The most important and most clear-cut case will be the contact-tracing OS update written by Apple and Google themselves. If you have a privacy concern regarding how much information is accessible to OS software written by Apple and Google, then of course you better throw your phone in the garbage: The phone OS has access to absolutely everything, and we have always been trusting Apple and Google to be good stewards of that.

Secondarily, we are calculating and storing a measure of whether and how loud people were talking, but we are not storing the audio itself, or any information about who was talking or what they said.

Would this proposal compromise phone battery life?

I'm not an expert, but I'm cautiously optimistic. I see two paths.

Most plausibly, we can duty-cycle—for example, process a 1-second sample of audio every 60 seconds. That would still be better than nothing. Remember, the threshold for declaring a contact is typically 15 minutes, so there would be 15 opportunities to catch someone speaking, if anyone is speaking. And if people are speaking very occasionally, well, that's less respiratory droplets than if people are speaking near-continuously. So classifying that as "low respiratory droplets" is not necessarily wrong.

More ambitiously, the analysis could be done on the phone's low-power coprocessor. That's how the "Hey Siri" functionality works. I think this would require more development effort, so is probably unlikely to happen.

How do you tell TV or music from live people?

I don't think it's feasible, but I also don't think it's necessary. So if people are quietly watching TV together, they would get a lower threshold even though there are few respiratory droplets in the room. We're not going for perfection, we're just trying to make it less bad. When there is talking, you don’t know whether it's the TV or a person. But if there isn't talking, and if the environment is quiet enough that you would be able to hear talking if it were happening, then you know that nobody is talking. So that's a case where you can pretty safely raise the exposure duration threshold, to reduce false alarms without excessively increasing misses.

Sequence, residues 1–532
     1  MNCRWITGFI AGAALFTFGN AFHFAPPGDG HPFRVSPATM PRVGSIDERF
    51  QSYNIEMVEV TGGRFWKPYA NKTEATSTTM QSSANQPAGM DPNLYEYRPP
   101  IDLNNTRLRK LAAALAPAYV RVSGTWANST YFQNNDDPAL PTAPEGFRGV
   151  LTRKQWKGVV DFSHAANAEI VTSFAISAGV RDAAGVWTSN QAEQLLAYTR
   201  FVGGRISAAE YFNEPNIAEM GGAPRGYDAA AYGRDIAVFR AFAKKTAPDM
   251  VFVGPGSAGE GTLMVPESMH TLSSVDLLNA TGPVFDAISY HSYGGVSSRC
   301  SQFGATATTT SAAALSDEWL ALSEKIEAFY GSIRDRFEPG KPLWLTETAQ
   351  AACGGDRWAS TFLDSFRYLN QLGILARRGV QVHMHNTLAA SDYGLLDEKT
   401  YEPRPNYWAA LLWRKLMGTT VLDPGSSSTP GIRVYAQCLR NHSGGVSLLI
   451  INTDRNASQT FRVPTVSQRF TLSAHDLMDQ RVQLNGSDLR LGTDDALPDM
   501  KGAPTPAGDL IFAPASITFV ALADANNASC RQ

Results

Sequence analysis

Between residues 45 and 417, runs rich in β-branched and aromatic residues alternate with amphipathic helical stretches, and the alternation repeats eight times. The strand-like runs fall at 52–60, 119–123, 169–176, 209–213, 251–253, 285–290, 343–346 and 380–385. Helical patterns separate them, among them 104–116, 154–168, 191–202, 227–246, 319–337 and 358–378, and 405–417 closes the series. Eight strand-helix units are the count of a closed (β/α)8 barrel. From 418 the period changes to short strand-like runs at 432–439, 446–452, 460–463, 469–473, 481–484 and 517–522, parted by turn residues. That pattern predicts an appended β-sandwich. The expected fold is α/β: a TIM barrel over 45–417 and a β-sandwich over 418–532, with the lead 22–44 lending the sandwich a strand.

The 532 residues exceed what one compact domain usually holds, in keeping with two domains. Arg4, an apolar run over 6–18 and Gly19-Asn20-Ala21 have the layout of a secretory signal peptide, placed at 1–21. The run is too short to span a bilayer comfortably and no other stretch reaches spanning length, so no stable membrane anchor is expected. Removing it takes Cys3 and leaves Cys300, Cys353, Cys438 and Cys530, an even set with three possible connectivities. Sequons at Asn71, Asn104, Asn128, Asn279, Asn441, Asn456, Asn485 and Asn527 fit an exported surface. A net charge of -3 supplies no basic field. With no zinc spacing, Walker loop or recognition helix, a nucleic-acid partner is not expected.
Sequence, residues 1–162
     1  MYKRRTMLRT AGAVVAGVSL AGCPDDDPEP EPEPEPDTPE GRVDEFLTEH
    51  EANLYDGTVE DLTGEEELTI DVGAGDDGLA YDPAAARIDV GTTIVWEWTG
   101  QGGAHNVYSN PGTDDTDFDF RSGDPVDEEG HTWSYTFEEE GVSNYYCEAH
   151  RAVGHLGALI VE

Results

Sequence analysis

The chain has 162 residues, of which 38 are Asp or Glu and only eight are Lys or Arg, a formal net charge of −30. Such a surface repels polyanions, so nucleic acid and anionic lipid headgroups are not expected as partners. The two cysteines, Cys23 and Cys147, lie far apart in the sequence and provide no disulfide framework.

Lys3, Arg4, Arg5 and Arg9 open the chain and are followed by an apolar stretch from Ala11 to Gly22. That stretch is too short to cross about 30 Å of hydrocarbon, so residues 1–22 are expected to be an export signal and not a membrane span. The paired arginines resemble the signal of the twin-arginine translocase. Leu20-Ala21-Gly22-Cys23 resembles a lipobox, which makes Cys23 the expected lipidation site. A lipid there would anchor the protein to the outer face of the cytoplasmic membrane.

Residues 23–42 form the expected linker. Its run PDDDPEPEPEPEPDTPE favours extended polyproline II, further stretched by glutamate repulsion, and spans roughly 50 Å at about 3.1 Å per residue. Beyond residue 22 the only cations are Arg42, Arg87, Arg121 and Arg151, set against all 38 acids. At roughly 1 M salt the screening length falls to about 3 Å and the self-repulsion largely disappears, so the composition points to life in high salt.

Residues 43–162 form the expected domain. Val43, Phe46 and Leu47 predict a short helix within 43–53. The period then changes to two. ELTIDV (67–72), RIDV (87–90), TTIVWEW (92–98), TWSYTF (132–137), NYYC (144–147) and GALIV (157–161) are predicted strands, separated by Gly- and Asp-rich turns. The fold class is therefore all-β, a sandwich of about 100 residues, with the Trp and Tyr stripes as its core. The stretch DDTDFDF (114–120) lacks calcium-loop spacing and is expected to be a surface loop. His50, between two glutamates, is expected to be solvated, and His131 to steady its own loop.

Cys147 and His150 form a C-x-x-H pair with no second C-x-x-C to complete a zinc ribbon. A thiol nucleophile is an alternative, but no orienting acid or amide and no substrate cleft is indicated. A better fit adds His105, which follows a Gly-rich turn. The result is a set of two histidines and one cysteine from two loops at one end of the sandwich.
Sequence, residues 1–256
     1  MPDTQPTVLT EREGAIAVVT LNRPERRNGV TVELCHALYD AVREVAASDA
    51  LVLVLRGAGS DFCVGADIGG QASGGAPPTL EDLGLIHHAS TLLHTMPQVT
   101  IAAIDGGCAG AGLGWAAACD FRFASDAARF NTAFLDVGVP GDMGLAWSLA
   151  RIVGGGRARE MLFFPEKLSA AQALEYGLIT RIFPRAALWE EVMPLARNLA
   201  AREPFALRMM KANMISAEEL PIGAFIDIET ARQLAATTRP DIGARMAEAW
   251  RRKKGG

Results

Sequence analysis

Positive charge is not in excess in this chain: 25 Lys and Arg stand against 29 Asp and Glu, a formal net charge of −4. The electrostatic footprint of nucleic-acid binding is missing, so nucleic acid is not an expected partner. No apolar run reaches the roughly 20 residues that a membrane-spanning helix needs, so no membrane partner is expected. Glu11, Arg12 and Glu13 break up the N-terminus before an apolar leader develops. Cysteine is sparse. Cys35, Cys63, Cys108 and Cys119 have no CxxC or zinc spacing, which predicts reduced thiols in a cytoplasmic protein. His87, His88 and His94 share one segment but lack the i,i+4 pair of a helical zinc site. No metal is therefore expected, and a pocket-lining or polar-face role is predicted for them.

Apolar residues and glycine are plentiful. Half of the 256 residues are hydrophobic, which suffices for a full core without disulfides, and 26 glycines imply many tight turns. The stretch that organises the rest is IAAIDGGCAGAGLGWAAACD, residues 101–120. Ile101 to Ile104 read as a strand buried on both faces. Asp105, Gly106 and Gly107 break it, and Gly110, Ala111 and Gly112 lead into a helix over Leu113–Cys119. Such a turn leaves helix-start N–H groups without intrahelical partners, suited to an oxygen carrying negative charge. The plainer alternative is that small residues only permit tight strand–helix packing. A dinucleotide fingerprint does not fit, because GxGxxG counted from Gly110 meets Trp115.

There are many examples where this would come up: every day people spend time in trains where no one is talking, waiting rooms where no one is talking, libraries and bus stops and offices where no one is talking, etc. etc.

Does software for this exist? What exactly should it do?

Not at the moment, as far as I can tell. There is code for "voice activity detection", which is kinda close, and could perhaps be modified to solve the problem.

The simplest specification would be a binary classifier along the lines of:

  • If the environment is so loud that you can't tell whether or not people are talking, return HIGH RESPIRATORY DROPLETS

  • If you hear talking, coughing, laughing, singing, etc., return HIGH RESPIRATORY DROPLETS

  • Otherwise, return LOW RESPIRATORY DROPLETS.

We can try to do better than a binary classifier—for example, quiet talking is not as bad as loud talking or singing or coughing—but this would be a start.

What's the status? How can I help?

Well, at the end of the day, (1) we need working software, and (2) we need the people in charge of digital contact-tracing systems to decide to use it. Anything that helps on either of those, directly or indirectly, would be great. This includes:

  • making the software,
  • figuring out methods of validating it,
  • resolving uncertainties (e.g. about battery-life consequences),
  • quantifying how much benefit this would provide,
  • outreach—to the general public, to the public health community, and/or to whoever is making decisions about the design of digital contact-tracing systems,
  • etc.

(For the "outreach" item, I personally am lightly involved in PACT, which is consulting with Apple-Google on the upcoming OS update, and of course I have been advocating this, but I am many degrees of separation away from the ultimate decision-makers at Apple and Google, and anyway it is a tough sell without all those other ingredients in place.)

So please help make this happen! You can submit a pull request / issue on this GitHub page, or email me at steven.byrnes@gmail.com